Not necessarily a part of full coverage car insurance but still required by Tesla, personal injury protection helps pay for your medical bills and that of your passengers. Personal injury protection insurance kicks in regardless of whether you or another driver is at fault for the accident.
Cost of Tesla Insurance
Getting full coverage insurance for your leased or purchased Tesla is going to cost more than it would for many other makes and models of vehicles. Full coverage insurance is generally the most expensive plan you can purchase for any vehicle. The fact that you’re buying it for a Tesla is just going to raise the price.
This is because Teslas are considered to be luxury vehicles. Despite consistently scoring very well on safety through the National Highway Traffic Safety Administration (more safety features in a vehicle generally means less money you have to pay to insure it), insuring Teslas can get expensive.
According to Insurance.com, it costs an average of $2,257 annually to get full coverage insurance for a 2021 Testla Model 3. This is certainly something to keep in mind if you’re trying to lease a luxury model on a budget.
Other Things You Should Know About Tesla Insurance
Teslas are highly specialized vehicles that you can’t take to just any shop. An aspect of your lease agreement may be that you get it serviced regularly as a Tesla-approved service center. Be sure that you have one such center within a reasonable distance to save yourself the headache when it comes time to give it a check-up.
If you’re trying to save money on your Tesla insurance by raising your plans’ deductibles, you should be aware that Tesla only allows you up to a $2,500 deductible as part of the lease agreement.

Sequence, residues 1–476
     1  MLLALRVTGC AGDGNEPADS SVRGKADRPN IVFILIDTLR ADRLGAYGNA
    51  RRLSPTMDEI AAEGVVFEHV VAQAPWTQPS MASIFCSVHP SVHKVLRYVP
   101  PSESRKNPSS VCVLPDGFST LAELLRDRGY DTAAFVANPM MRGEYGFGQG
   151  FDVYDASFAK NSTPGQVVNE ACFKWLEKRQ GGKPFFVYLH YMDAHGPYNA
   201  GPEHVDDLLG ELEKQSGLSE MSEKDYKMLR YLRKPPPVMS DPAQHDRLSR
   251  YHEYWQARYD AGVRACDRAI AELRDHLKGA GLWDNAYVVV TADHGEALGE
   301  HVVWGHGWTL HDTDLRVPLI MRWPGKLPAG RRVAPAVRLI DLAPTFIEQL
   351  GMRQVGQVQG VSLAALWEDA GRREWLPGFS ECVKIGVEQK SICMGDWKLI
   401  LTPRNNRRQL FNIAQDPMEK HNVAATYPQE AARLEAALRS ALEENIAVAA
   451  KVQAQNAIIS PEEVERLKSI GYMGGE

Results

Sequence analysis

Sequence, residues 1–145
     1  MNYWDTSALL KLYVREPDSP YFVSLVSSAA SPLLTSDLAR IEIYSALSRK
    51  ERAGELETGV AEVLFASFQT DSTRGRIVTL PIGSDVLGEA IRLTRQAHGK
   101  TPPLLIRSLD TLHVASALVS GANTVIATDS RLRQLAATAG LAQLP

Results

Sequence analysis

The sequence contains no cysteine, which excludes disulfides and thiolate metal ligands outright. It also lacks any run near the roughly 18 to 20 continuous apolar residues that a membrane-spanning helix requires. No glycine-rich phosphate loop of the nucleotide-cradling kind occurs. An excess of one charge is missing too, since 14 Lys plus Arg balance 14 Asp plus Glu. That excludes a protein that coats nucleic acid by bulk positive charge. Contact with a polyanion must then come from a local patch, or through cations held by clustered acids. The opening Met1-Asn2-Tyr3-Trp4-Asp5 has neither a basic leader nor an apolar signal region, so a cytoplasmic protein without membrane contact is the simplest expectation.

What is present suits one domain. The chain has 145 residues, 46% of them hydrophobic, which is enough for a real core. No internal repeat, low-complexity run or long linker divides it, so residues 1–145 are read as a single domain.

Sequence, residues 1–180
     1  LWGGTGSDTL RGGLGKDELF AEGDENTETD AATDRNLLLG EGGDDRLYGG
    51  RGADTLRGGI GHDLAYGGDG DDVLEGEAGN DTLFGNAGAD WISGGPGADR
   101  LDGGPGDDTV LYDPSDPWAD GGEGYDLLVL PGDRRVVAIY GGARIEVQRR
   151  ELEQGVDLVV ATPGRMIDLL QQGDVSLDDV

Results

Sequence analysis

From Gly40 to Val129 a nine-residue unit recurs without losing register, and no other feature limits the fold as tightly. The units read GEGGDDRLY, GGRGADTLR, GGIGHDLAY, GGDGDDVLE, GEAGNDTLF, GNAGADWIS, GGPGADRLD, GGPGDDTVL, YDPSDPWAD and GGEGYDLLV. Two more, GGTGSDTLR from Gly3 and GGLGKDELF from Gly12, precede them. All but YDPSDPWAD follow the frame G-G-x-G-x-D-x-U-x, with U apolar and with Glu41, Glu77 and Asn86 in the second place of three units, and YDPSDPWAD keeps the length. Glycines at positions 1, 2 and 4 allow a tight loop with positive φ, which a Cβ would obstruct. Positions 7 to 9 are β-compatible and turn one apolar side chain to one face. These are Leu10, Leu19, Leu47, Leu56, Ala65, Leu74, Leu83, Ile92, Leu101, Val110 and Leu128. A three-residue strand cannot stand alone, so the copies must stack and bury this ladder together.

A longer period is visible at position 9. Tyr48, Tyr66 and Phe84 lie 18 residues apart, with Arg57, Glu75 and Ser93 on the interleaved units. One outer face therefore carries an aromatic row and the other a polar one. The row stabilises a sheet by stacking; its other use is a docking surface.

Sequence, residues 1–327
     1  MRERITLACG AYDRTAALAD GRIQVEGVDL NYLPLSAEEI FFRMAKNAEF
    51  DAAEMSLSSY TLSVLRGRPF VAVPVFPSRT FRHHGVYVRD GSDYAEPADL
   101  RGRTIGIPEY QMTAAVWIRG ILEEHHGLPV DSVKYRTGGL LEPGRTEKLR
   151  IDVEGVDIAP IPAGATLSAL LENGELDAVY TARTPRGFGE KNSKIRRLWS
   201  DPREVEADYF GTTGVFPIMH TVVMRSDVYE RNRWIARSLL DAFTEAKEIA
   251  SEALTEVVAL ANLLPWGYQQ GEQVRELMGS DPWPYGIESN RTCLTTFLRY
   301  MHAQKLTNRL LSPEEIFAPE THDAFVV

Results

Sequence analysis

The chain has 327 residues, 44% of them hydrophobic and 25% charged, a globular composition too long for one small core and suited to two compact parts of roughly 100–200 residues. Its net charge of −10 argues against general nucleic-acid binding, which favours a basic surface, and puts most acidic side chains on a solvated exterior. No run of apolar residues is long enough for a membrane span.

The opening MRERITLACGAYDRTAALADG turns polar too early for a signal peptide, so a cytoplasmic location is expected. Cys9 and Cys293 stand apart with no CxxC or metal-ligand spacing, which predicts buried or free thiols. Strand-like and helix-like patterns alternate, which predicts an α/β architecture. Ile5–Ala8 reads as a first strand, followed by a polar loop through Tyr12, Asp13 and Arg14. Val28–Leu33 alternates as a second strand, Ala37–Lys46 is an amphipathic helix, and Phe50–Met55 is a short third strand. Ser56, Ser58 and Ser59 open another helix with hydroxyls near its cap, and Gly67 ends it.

The lease agreement for your Tesla comes with gap insurance. Gap insurance is good to have when the amount you owe on a vehicle is greater than the actual cash value of the vehicle.
If you live in one of these states, you can purchase insurance directly through Tesla:
To sign up for Tesla insurance, all you have to do is follow prompts through the Tesla app. If you have multiple vehicles, you can bundle them through Tesla Insurance, even if they aren’t Tesla vehicles.
In all of the states above except for California, Tesla will use your real-time driving behavior to decide how much it’s going to charge you for insurance. The safer you are on the road, the less you’ll have to pay for your Tesla Insurance. Tesla makes a point of using this real driving data instead of traditional factors such as your credit score or age to calculate your premium.
Getting thoroughly acquainted with your lease, insurance, and vehicle maintenance tasks is an important part of being a vehicle owner. Look through our blog section to learn more about everything you need to know to be a responsible car owner and get the most out of every vehicle you drive.
At FIXD, our mission is to make car ownership as simple, easy, and affordable as possible. Our research team utilizes the latest automotive data and insights to create tools and resources that help drivers get peace of mind and save money over the life of their car.